“I get up here and there are all of these disasters that can happen, and none of them are tornadoes,” she said. She told an official at the Kenai Peninsula Borough Emergency Management Office that she was a new Extension agent from Kansas and she felt people in the community were in denial about disasters such as earthquakes, avalanches and tsunamis.
“He goes, ‘I have a job for you,’” she said. “I went to the first local emergency planning committee and I was the only person there without a gun or badge because they were all first responders. It took me awhile to realize that they’re good at what they do, but they are not good at public outreach and public education about preparedness.”
Tannehill said a light bulb went off. “Oh, that’s my job,” she said. “That is my job, so I started teaching classes.”
Nationally, she worked with the development of an Extension disaster network and brought the message back that disaster preparedness affects every part of Extension, such as food safety, child development and agriculture. One of the last projects she has been working on is a series of fact sheets about mental and behavioral health for Extension people who are responding to disasters.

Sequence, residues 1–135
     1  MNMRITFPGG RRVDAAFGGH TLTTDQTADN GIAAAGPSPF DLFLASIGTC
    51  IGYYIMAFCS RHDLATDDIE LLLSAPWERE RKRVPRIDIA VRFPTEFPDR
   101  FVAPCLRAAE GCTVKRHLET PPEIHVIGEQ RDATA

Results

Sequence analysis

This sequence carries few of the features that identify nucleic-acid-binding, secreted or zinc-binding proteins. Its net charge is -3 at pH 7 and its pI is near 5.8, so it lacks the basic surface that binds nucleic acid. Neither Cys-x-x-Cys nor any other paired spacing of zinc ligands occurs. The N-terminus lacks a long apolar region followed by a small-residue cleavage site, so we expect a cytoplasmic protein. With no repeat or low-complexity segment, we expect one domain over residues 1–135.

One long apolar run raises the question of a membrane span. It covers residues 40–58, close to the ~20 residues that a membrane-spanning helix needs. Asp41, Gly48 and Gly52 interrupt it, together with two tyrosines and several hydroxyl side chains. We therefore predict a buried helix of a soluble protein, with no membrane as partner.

A bonus project Tannehill mentioned was working out how to safely preserve walrus meat, at the request of a person living in Dillingham. She, Extension food science specialist Kristy Long and a couple of others traveled to Kodiak. They divided into teams to test various preservation methods.
What she remembers most about it, however, was how frustrating it was to assemble the mechanism used to preserve food in metal cans. That led to a side project in which Tannehill helped write a publication explaining how to assemble it because the directions that came with the sealer were so hard to follow.
Just the other day, Tannehill said she got a call from someone having problems assembling a can sealer. She brought a copy of the publication with her and showed it to the woman.
“She was just in heaven,” Tannehill said. “And, I’m retiring soon, and I’m thinking ‘Did I make a difference?’ and it’s seeing how happy she was. It comes down to the individuals that we serve. And that made my heart sing, because maybe I have made a difference.”